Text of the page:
How to Fix iCloud Message Problems Between iPhone, iPad and iTouch (Dec. 2013)

The lifeless corpse of Steve Jobs has risen to resolve iCloud message synching problems between iPhones, iPads and iPods.
The lifeless corpse of Steve Jobs has risen to resolve iCloud message synching problems between iPhones, iPads and iPods.

For the past month, adults everywhere have found their text messages going to their children’s iPads. And the kids, if they’re old enough, are sending messages to their friends, which in turn go to the parents’ iPhones. So guys like me are at the office getting bombarded with texts from kids, and our own texts aren’t going through.

These are the symptoms of Apple’s changes to iCloud synching, and I’m pretty sure Steve Jobs is turning in his grave. The tech folks at Cupertino should be glad he’s dead, but still fear his wrath in the afterlife.

Here’s how to fix your iCloud problem:

  1. This is not caused by the fact that your kids are using your me.com or mac.com account to buy apps on their iPads. Giving them their own account for the iTunes and App stores will not solve your problem.
  2. The beginning of both the problem and solution lies in the settings > iCloud menu. Your iPad and iPod devices are probably logged on to the same iCloud account you use for your iPhone. That means all your text messages go to them. And vice versa. This is something that changed in mid November 2013.
  3. Once you’ve deleted your iCloud account from the iPod/iPad, you will need to set up another if they still plan to message other devices. This requires a credit card.
  4. Next you need to grab their iPad/iPod and go to settings > message. Turn that off iMessage off. Good, now turn it on again. And off.
  5. Theoretically you should be fine. But the bug makes iCloud link these devices even when you delete the account on them. The iPods, iPads and iPhones remember the iCloud account even after you delete them entirely… So you need to delete it. Turn it off. Turn it on.
  6. Do you see the insanity? There’s no pattern here. You just need to keep turning iCloud and iMessage off and on and eventually you will get lucky. It’s a bug. Eventually you’ll do things in the correct sequence and it will resolve.
  7. Once it seems to work, test it by sending a message from each device to a different phone. Then start shopping for a Samsung. This isn’t the beginning or end of Apple’s decline.
i hate apple
i hate apple

While you’re experiencing this, it’s best to scream like a maniac. Threaten never to buy another Apple device again. Tell your kids if they ever login to your iCloud account you’ll take away their pad. Belt out that you will not spend an entire Sunday being the damned tech support desk for the entire family. Tell your wife and kids that if they have another problem with their iPhone, iPad or iPod that they are forbidden from even TELLING you about the problem much less asking for your help.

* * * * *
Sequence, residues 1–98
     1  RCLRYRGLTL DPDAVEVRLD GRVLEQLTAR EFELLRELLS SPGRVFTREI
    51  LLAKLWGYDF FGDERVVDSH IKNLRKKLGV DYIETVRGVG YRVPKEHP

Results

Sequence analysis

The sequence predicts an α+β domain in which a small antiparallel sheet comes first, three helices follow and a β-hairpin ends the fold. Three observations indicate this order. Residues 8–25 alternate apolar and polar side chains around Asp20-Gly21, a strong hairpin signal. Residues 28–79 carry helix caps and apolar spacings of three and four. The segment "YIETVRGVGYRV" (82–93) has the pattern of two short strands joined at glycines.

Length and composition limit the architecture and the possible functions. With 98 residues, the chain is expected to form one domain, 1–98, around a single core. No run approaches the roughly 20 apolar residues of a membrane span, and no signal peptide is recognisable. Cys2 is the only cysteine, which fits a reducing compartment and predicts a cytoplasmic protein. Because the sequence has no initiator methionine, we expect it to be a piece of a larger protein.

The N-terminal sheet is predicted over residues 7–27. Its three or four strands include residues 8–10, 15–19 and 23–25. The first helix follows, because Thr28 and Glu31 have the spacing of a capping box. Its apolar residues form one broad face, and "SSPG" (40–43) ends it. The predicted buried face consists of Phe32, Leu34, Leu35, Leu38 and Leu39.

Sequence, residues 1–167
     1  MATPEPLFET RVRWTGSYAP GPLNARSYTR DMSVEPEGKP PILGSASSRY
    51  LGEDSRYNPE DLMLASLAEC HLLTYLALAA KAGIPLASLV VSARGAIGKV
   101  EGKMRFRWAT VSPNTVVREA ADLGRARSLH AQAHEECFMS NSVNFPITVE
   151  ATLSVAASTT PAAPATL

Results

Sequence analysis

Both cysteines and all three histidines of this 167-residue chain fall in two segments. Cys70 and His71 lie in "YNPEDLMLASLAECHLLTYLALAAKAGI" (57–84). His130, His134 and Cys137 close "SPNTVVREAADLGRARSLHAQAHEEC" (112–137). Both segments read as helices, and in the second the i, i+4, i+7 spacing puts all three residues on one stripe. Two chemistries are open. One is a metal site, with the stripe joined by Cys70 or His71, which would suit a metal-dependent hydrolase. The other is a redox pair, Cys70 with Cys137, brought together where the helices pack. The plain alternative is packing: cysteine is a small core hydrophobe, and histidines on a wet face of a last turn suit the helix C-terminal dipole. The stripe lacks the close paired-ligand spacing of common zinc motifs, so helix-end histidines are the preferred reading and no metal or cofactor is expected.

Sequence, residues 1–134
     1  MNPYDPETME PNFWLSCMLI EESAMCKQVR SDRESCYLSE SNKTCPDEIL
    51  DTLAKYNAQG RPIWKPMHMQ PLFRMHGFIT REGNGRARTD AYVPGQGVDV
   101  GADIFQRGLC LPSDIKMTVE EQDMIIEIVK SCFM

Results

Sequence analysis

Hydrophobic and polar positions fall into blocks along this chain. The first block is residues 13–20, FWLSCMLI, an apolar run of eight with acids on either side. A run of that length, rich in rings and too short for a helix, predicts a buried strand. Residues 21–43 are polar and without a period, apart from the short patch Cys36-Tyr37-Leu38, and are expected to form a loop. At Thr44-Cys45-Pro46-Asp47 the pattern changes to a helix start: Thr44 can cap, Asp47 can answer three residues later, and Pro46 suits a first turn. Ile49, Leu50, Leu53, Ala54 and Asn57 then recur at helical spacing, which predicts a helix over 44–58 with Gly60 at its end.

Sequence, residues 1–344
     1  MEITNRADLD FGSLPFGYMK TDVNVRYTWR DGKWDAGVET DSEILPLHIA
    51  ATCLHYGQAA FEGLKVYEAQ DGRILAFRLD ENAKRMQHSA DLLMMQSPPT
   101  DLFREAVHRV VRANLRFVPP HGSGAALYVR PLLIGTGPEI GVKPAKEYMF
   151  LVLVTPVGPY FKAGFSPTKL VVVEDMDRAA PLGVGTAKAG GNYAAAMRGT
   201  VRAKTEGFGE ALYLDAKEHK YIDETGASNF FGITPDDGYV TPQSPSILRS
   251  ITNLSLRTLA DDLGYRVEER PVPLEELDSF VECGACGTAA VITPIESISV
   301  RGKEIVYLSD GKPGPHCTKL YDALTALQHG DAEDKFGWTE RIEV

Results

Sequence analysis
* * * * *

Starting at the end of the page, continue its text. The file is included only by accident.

And here’s the dirty little secret. Apple knows damned well that families share many Apple devices. And families were getting by quite fine without needing synchronized messaging between devices. Apple has allowed this bug to exist, primarily to irritate us into establishing separate iCloud accounts for each device. When we’ve set up separate accounts, we’re more likely to buy songs more than once. We’ll likely buy apps more than once. It’s a conspiracy, man. This is a deliberate attempt to squeeze out “lazy money” from loyal Apple customers, and I’m sure it’s working. This reminds me of when Apple decided to make it impossible for me to shop Audible from my phone. Really, you greedy dick?

I was on the fence about jumping to Android, and the past few weeks have knocked me right over. Apple has been “pulling a Blackberry” in the past few years — it’s been absolutely lazy about feature upgrades since iPhone 3 and 4. Siri? A fingerprint reader? Please. Meanwhile, the Samsung has overtaken iPhone in 2013… it’s awkwardly large, but that’s a sacrifice I’ll need to make.

Who’s up for an Apple exodus? Did the company ever make you feel like it gives a shit if you switch?

apple eats bloody apple

Are You Young or Old? Rich or Poor? Your Tech Reveals All…

Want to know if you’re rich or poor? Young or old? Here’s a way to tell that’s easier than profiling yourself on RealAge or auditing W2’s.

1. Do You Search Facebook or Google Plus?

Use Facebook to search? You’re more likely to earn less than $100K and be old. Use Google+ for search and you’re more likely to make more than $100K and be younger. Don’t shoot the messenger here (for he is older and poorer than you think). Shoot comScore instead, and recognize that this is perhaps more indicative of the “early adopters” of Google Plus, who are perhaps largely both young and rich (a lucrative target market). Haven’t heard of Google Plus? You may be dead.

2. iPhone or Android?

comScore’s San Francisco office exclusively uses iPhones, and its New York office is littered with Androids, but those searching on these devices are fairly similar in demographics. So this doesn’t really say as much about you as you’d like to believe. Still using a Blackberry? Save your upgrade cash for a funeral plot.

3. Use Bing? Yeah you’re old with kids

Sorry. You’re more likely to be old with kids. Sure this is 2-year-old data, but the only thing newer about Bing is that it’s better at travel searches. Now get back to work. 

4. Do you accept mobile coupons?

If so, you’re probably 18-34 years old. If not, you’re probably older. If the mobile coupon is for Depends, just keep moving like a horse, and piss wherever and whenever you like.

5. Read TechCrunch or CrabbyOldFart?

Yeah, I’ll let you guess on that one. If you’re still using your hotmail or aol account, I’d like to welcome you to your first “blog” and encourage you to upgrade your 56K modem.

Shit no I'm not surfing on this bitch.

Do We Need a Site/Tool for Mobile Video Sharing?